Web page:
The IBC is aimed at the turnaround of stressed assets or, in case of liquidation, their quick monetisation. Secured creditors, including banks, are placed third in the preference order in case of any liquidation to receive the proceeds, after meeting the cost of resolution and workers’ dues.
Come Tuesday, senior bankers will turn students at the Reserve Bank of India (RBI) building in Mumbai’s Bandra Kurla Complex. As both the government and the central bank seek to use the Insolvency and Bankruptcy Code (IBC) 2016 as a weapon against toxic assets with the banking system, the Centre for Advanced Financial Research and Learning, an independent body set up by the RBI, has partnered with consultancy firm McKinsey to organise a workshop to familiarise bankers with the new insolvency law. Participants would include senior officials from the banks handling the 12 large non-performing asset (NPA) accounts selected by the RBI last month for resolution under the IBC. “Executive directors and general managers of some banks, especially the public-sector ones, will be attending the workshop. The idea is to prepare them for dealing with the resolution process under the IBC,” a senior government official told FE.
One of these big defaulters, Essar Steel, recently moved the Gujarat High Court to challenge the RBI move. This made the bankers jittery about the delaying tactics of defaulters in resolving the stressed asset issue under the IBC. So adequate knowledge of the IBC and its applicability have become a must for bankers now. The IBC is aimed at the turnaround of stressed assets or, in case of liquidation, their quick monetisation. Secured creditors, including banks, are placed third in the preference order in case of any liquidation to receive the proceeds, after meeting the cost of resolution and workers’ dues.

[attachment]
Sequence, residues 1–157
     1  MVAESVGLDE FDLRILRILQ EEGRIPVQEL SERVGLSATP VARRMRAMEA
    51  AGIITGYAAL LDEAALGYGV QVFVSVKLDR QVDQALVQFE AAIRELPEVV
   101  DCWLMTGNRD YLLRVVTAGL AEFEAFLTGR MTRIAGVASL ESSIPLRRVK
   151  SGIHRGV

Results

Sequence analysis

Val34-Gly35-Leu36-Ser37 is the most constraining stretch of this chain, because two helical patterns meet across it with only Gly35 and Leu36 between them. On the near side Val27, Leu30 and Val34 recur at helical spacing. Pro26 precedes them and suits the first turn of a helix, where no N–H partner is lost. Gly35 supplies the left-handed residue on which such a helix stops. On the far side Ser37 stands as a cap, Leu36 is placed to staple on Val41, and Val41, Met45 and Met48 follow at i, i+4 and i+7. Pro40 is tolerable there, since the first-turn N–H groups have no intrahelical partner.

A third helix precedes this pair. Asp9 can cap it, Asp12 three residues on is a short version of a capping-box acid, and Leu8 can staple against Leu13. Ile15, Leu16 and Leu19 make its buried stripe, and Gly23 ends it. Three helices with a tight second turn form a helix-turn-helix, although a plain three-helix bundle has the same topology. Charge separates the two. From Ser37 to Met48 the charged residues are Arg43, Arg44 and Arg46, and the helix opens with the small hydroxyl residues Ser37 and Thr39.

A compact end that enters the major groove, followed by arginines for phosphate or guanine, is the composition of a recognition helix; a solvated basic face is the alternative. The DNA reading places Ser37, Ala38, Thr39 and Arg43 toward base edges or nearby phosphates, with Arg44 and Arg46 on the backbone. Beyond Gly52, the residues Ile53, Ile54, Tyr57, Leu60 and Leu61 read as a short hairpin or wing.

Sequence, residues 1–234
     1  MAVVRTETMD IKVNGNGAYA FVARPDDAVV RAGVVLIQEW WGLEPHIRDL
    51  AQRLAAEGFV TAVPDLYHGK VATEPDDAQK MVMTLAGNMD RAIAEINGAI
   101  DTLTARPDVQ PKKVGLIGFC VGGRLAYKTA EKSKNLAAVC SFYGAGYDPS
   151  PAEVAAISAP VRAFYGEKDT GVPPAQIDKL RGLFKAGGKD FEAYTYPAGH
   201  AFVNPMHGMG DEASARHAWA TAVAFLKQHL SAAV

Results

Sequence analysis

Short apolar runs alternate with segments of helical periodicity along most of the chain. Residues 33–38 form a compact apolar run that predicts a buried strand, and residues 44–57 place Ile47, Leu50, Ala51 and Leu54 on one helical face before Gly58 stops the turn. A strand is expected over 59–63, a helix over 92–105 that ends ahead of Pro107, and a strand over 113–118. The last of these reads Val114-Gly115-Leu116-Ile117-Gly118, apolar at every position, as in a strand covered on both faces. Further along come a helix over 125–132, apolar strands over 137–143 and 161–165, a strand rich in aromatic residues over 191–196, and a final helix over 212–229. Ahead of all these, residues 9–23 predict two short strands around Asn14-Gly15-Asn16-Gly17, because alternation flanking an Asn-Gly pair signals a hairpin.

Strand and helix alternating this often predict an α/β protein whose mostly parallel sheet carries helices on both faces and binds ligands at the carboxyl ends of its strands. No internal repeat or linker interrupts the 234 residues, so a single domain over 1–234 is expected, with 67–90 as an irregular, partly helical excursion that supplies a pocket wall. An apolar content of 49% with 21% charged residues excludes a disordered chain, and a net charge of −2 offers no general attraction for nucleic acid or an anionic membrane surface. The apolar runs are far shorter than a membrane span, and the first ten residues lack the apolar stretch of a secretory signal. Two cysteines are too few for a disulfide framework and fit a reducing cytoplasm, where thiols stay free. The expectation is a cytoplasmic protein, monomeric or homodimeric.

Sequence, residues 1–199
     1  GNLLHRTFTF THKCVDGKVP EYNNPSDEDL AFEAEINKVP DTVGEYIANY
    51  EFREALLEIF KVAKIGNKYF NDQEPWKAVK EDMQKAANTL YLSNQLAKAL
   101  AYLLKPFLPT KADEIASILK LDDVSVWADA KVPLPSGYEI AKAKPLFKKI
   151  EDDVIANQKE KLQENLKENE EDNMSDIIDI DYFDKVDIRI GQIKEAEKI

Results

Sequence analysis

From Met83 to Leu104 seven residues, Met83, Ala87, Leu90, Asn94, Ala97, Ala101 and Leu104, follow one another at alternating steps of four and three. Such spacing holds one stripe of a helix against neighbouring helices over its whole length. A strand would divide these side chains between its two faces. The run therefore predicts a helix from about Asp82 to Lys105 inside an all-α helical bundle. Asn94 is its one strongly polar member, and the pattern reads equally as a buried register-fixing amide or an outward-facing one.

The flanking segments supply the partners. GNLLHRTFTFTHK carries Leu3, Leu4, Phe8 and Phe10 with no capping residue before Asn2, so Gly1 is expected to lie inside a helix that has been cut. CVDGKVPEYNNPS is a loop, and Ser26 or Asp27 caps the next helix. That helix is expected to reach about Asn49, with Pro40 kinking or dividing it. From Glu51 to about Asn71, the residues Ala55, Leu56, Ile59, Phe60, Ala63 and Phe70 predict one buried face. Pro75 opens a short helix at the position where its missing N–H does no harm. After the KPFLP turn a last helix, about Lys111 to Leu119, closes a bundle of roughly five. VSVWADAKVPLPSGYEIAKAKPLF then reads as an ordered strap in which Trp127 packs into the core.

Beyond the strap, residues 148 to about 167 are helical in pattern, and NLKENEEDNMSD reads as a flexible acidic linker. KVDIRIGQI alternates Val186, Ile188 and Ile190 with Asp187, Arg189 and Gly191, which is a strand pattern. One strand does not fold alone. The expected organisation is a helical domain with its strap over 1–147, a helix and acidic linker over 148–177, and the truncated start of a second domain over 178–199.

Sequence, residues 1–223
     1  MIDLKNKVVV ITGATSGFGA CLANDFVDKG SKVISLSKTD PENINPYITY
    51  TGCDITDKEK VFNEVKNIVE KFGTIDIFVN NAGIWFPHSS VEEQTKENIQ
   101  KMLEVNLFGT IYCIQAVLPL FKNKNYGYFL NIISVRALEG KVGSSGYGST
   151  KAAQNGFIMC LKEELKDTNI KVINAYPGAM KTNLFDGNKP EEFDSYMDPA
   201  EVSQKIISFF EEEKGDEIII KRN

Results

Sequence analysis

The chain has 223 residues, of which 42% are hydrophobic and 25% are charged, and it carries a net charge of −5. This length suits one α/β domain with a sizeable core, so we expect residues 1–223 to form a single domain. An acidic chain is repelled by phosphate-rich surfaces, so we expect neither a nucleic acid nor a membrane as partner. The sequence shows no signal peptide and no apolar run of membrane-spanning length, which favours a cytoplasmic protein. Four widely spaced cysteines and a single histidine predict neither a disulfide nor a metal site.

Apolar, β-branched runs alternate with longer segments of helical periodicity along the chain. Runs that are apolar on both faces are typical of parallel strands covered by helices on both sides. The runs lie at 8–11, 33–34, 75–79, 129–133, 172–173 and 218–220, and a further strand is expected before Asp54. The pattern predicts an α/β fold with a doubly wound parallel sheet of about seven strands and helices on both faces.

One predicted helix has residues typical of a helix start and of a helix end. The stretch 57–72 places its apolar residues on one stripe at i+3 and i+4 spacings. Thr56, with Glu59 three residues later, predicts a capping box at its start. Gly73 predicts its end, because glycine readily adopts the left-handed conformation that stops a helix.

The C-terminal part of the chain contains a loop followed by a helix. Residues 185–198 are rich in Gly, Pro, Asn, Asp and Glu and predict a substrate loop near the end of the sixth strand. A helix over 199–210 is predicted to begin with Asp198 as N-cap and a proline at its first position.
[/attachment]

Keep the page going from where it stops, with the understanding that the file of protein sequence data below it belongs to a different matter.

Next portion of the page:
The insolvency law came to sharp focus in May when the Centre, through the Banking Regulation (Amendment) Ordinance, 2017, had authorised the RBI to direct banks to resolve specific cases of bad loans by initiating resolution process under the new insolvency law, where required.
The central bank can now give directions on even specific cases of defaults, a practice it had generally avoided earlier. Following the Centre’s move, the RBI selected the 12 big NPA accounts, which accounted for a quarter of the bad loans of banks, for resolution under the new insolvency law. Gross NPAs touched a massive Rs 7.11 lakh crore as of April, with most concentrated in public-sector banks, according to Capitaline data.
Usually, once a case is referred to the National Company Law Tribunal under the IBC, there is a 180-day timeline to decide on a resolution plan though 90 days can be given in addition. If a plan is not decided, then the company will go into liquidation.